Variations on ‘Take the A Train’ – David Briggs (2019)

Variations on ‘Take the A Train’ (2019) – live in concert at St John the Divine, NYC – 29th October 2019.

I’m thrilled to propose to you this iMovie of my new Variations on ‘Take the A-train’, which received its first performance last Tuesday night.

I have used Billy Strayhorn’s famous 1939 theme as a basis for an introduction, theme and seven contrasting variations.

It is more of a metamorphosis than a straight adaption. The components consist of:

Introduction:
Six principal ideas from Duke Ellington’s famous arrangement, tautly-condensed and filtered as if through an early C21st harmonic prism.
Variation 1: Harmonization, on the vibrant ‘Plenum’ of the instrument (i.e. all the Foundations and Mixture stops, producing a rich, brilliant sonic palette). The middle section “hur-ry, hur-ry, hur-ry, take the A-train” modulates to the
mediant, like in Duke Ellington’s arrangement, and features a jazzy translations of the original melody, on the incisive solo reed stops.
Variation 2: Très vif – An extremely energetic virtuosic tour de force, on the tutti. The movement retains a similar harmonic contour to the original Ellington, but the theme is hinted at rather than stated outright. Particularly challenging for the feet, this movement always has a dramatic and pleasing effect on my Fitbit 2 step counter!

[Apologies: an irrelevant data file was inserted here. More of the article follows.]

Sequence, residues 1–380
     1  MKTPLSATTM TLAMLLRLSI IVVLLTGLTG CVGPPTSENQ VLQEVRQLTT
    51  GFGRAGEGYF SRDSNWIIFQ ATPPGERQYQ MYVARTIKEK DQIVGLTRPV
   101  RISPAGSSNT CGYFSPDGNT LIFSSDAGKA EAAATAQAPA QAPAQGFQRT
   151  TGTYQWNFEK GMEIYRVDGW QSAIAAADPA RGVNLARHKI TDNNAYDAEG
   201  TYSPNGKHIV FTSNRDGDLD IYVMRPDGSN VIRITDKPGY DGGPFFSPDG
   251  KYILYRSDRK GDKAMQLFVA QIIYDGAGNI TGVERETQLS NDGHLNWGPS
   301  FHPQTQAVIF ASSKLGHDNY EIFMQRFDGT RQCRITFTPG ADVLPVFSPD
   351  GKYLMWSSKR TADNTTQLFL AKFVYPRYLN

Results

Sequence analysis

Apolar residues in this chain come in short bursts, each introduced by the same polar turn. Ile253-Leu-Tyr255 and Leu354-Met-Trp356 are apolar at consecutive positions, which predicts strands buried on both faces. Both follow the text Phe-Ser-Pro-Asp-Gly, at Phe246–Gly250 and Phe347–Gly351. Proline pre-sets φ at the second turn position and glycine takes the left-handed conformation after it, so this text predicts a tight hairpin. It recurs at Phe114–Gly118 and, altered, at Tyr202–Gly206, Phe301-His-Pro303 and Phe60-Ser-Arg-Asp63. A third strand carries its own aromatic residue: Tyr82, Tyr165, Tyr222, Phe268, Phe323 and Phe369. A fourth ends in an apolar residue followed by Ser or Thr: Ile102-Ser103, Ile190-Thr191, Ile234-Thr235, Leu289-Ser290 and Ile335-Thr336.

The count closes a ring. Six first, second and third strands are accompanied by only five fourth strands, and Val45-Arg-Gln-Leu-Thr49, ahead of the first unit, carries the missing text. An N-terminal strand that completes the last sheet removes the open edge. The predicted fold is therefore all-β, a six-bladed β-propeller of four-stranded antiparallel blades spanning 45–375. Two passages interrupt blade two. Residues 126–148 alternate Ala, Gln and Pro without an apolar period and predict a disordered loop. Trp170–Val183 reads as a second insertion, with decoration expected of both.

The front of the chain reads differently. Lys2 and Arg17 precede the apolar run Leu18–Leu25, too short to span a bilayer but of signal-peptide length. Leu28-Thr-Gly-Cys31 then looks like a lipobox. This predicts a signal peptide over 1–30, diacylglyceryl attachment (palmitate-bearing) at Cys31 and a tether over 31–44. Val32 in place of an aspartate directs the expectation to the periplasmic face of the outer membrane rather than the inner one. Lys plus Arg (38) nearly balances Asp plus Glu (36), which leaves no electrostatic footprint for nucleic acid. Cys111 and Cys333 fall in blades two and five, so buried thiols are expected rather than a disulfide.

Variation 3: An expressive treatment of the second theme, wrapped up in modern jazz harmonies, with the theme proposed by the 16 and 8 foot Clarinet stops. There are some decidedly Poulencian moments.
Variation 4: A Ravel-inspired Intermezzo, reminiscent of a glass of chilled Möet & Chandon, where the principal theme is wrapped up, incognito, in the figuration of the right hand repeated sextuplets.
Variation 5: Fugato sur le Grand Jeux – All the reed stops (Bombardes, Trompettes and Clairons) and Cornets vie for supremacy in this contrapuntal exposition of the first theme. The harmonic style leaps back about 250 years to the days of Louis XVIth and the composers working in France around that time (Nicholas de Grigny, François Couperin), until the final cadence of the movement, where the 21st century genesis of the music confidently reasserts its authority.
Variation 6: A short and bubbly little Scherzando on the combined 8ft Flute stops. The principal theme squeezes in an appearance on the 8’ and 2’ reeds on the Pedal.
Variation 7: A lush Adagio, featuring double-pedal (each foot has a different part), with rich harmony, as if supersaturated in garlic, and the theme clearly stated on the mutation stops in the right hand. There is an emotional harmonic crescendo (on all the rich 8ft stops), which dissipates into a calm ending.
Variation 8: An extrovert Toccata, where the various thematic elements combine and reach an ecstatic conclusion.

Sorry the recording is slightly distant – but nevertheless you can get a good impression of the impressive impact the Walker Technical Company organ has in our matchless acoustic!